Children’s Review: Army Brats by Daphne Benedis-Grab

Army Brats

Army Brats by Daphne Benedis-Grab

Scholastic Press- March 28, 2017

Purpose: Requested for review

Source: Publisher

I was given a copy of this title, free, in exchange for my honest opinion.

5 stars

This is the story of three siblings as they adjust to living on an army post for the very first time. The Baileys are moving from Pennsylvania to Fort Patrick because their mom, a military intelligence officer has accepted a teaching position.  All three kids are excited about this move, and even about starting a new school. They will finally be around people who understand military life. But not everything turns out the way that they thought that it would.  Charlotte makes friends with a new girl, who happens to be very popular. But she soon discovers that popularity does not mean being nice. Tom, though he tries very hard not to, becomes the target of the base bully. Though Rosie is content with just her family and dog, Cupcake, she learns that it’s not so bad having a friend.

This is the third book by this author, and I must admit she has become a favorite. Not just for me, but for read a-louds with my son.   She has a way of talking about very big (and sometimes complicated) topics and breaking them down to kid-size portion. And she does this without dumbing down anything. This is a rather short book, so I don’t want to go into details that will give anything away. But I will do my best. I do recommend this, especially for kids who are struggling with finding their place in the world, who are starting middle school and who may have trouble making friends.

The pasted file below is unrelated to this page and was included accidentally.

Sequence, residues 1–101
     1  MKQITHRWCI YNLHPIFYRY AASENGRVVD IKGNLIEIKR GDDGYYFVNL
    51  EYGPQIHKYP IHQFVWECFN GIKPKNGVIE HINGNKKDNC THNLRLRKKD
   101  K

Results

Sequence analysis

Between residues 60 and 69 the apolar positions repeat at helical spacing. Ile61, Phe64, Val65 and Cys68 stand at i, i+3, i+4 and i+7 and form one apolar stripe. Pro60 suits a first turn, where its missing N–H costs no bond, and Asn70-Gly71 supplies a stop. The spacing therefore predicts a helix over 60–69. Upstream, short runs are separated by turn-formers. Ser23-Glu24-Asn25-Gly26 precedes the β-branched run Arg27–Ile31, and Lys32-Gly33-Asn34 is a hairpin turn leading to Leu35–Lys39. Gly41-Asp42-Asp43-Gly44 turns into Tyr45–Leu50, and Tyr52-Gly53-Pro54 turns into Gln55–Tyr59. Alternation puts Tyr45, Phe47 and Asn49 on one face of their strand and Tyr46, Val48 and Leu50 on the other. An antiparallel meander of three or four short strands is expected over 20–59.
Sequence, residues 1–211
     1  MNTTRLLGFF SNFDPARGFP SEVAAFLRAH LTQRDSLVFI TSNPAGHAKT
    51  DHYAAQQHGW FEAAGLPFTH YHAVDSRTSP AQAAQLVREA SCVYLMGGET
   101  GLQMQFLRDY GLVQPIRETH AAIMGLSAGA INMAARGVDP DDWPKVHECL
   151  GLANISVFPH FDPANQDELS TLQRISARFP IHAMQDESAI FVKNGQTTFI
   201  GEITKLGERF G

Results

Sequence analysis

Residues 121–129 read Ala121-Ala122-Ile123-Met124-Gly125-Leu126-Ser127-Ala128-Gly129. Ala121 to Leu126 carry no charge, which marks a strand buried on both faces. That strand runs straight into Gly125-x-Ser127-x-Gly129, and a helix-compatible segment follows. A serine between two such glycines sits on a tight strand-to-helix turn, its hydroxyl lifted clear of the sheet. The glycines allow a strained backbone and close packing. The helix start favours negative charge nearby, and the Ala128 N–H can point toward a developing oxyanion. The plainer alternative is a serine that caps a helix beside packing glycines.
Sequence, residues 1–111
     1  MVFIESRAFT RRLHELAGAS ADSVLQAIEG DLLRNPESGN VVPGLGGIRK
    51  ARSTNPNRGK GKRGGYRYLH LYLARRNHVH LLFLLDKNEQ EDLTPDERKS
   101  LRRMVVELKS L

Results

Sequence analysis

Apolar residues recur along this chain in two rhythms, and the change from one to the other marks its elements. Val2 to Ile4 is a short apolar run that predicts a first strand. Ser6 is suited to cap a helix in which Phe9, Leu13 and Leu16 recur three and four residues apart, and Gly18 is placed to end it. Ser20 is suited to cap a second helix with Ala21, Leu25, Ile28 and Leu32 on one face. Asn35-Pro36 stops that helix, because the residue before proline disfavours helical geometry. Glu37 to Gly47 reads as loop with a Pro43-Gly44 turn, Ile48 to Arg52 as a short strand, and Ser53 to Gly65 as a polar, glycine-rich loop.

Because of Tom’s interactions with the base bully, he begins to question himself.  But as the siblings take on the challenge of the secret mission, he learns that there are worse things than someone teasing you – accepting the harmful words/taunts as truth. He gains a deeper and truer understanding of what it means to be brave, and not in the way that he thought he would.  Charlotte has made friends with the school’s very own mean girls. She goes along with them even when her brother becomes the target of their meanness. Rosie is a spitfire of a character and is very comfortable being herself, even if it leaves her without any friends. But she slowly learns what it takes to be a good friend.

This was a very fun story, one that I will reread to my son as he grows. It deals with real issues and considers the individuality of the characters. How they respond to their situations is unique to their personalities.  The solutions presented in the book, are realistic and highly recommended. There isn’t a false promise of a happily ever after at the end, and all problems are not solved with a nice little bow. All issues are resolved, and after the characters learn more about themselves, the only reassurance that they have at the end is that whatever comes their way, even the teasing and bullying, dealing with gossip and mean girls and all of the other things that come with the journey of middle school, they will be able to handle it.